Implications: Productivity fell 0.3% at an annual rate in the second quarter, but came in better than the consensus expected decline of 0.9%. It's important to remember that when GDP growth slows (as it did in Q1 and Q2), so does productivity growth. Growth in hours worked came in at a healthy 2.0% annual rate in Q2, although real compensation per hour fell at a 2.1% rate. Oftentimes, once a recovery gets to the point where firms are vigorously increasing hours, the pace of productivity growth slows down. Productivity grew at a rapid 4.4% rate in the year ending in the second quarter of 2010. In the past four quarters, productivity has grown at a 0.8% rate. On the manufacturing side, productivity fell for the first time since the first quarter of 2009. This can be attributed to lower output mostly due to the earthquake that rocked Japan and caused parts shortages over here in the US. Unit labor costs (how much companies have to pay workers per unit of production) came in at the highest level since Q4 2008. Over the next few quarters productivity will start to increase again as the soft patch continues to dissipate and stronger growth in the economy resumes.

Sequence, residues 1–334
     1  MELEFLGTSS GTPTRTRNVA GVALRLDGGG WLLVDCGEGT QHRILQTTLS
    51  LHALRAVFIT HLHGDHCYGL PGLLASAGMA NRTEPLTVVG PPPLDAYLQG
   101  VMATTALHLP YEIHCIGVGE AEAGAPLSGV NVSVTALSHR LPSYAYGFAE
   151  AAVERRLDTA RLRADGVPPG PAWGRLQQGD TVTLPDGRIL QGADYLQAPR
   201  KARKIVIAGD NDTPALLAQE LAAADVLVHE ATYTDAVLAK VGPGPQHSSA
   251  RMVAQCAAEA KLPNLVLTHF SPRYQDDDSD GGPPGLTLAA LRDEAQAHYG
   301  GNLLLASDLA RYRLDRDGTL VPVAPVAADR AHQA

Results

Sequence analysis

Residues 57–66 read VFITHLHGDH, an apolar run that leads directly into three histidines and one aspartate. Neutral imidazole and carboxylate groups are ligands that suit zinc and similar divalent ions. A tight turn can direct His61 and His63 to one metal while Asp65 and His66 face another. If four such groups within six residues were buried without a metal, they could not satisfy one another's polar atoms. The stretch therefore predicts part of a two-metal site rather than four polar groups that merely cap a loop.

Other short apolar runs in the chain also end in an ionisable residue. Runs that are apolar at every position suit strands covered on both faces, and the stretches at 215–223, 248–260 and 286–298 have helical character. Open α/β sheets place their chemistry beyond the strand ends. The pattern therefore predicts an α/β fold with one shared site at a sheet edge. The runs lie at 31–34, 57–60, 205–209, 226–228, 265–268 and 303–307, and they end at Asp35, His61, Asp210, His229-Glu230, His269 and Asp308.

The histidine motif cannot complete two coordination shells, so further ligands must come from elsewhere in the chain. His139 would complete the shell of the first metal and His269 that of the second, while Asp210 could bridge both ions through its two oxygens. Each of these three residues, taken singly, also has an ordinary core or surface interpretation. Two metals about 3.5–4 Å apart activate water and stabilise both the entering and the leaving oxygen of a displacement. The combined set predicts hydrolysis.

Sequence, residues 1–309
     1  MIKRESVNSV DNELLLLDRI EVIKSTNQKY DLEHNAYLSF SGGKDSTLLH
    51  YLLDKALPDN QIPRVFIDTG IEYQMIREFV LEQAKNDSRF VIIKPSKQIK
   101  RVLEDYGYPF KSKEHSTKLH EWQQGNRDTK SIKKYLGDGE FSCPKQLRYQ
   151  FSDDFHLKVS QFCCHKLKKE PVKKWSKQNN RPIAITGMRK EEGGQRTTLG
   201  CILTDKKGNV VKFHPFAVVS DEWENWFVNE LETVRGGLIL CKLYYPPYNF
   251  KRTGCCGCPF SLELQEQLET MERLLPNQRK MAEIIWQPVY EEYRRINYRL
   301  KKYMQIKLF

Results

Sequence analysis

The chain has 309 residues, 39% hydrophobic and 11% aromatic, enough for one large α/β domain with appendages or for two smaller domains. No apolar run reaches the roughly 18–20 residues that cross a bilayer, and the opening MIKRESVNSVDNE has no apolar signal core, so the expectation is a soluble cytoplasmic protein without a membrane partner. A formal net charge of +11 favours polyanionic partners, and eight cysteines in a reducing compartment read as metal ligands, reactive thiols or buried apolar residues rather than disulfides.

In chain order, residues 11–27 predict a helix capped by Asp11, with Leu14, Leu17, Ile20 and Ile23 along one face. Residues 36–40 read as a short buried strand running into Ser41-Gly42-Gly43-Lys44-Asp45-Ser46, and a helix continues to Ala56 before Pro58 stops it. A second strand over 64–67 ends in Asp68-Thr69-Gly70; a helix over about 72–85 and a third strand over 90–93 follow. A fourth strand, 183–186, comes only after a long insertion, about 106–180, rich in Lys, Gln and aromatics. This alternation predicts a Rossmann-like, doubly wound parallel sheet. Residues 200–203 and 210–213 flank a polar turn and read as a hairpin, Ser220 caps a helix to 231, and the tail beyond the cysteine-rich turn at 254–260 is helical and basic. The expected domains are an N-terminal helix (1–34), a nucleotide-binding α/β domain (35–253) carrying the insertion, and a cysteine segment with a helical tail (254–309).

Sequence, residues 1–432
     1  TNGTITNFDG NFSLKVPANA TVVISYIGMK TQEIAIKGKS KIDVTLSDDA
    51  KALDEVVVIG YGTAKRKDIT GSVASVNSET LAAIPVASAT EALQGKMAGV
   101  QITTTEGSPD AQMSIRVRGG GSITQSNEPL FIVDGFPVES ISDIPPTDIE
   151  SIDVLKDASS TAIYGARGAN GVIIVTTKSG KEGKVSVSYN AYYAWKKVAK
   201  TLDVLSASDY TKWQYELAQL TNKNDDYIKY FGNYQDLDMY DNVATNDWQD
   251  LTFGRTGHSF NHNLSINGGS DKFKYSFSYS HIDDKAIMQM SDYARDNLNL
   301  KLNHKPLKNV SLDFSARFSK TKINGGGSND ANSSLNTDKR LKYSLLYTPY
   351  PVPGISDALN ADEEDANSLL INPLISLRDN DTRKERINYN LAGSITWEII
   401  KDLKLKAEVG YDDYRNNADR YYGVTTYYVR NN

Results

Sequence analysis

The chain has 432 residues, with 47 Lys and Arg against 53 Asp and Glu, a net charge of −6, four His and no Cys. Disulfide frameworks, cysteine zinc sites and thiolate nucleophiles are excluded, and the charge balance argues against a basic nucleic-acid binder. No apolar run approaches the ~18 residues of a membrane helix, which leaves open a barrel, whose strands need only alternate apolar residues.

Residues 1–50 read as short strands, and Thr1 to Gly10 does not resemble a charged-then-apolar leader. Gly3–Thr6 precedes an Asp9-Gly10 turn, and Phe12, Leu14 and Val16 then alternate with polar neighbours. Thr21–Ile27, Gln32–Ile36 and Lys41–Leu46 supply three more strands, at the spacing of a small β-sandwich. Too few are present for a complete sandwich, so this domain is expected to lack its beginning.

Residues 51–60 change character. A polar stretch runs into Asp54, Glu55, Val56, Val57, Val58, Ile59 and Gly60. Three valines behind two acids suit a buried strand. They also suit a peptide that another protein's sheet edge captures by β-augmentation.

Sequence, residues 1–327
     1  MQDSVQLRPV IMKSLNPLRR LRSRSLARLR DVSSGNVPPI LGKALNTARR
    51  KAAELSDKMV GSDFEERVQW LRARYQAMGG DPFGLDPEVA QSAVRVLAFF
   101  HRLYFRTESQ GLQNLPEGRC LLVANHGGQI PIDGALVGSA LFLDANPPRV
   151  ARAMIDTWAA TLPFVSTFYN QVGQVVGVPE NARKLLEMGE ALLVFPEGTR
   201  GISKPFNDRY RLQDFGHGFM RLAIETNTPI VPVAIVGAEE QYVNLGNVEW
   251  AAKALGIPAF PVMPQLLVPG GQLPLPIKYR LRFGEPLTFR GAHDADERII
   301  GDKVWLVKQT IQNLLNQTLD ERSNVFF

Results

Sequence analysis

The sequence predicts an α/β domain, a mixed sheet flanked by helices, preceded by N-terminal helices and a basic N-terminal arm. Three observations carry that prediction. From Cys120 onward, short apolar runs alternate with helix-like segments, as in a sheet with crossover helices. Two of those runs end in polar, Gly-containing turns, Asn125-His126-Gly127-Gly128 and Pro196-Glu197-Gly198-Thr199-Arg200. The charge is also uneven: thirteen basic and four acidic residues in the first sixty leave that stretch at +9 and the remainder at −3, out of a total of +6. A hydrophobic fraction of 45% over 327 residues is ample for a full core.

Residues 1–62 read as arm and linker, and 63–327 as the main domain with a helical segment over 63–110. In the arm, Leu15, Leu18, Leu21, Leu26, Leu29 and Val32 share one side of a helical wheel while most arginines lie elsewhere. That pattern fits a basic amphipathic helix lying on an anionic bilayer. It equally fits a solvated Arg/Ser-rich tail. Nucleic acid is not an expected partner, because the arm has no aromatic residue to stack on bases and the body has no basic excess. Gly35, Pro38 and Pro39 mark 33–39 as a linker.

Click here for the entire report.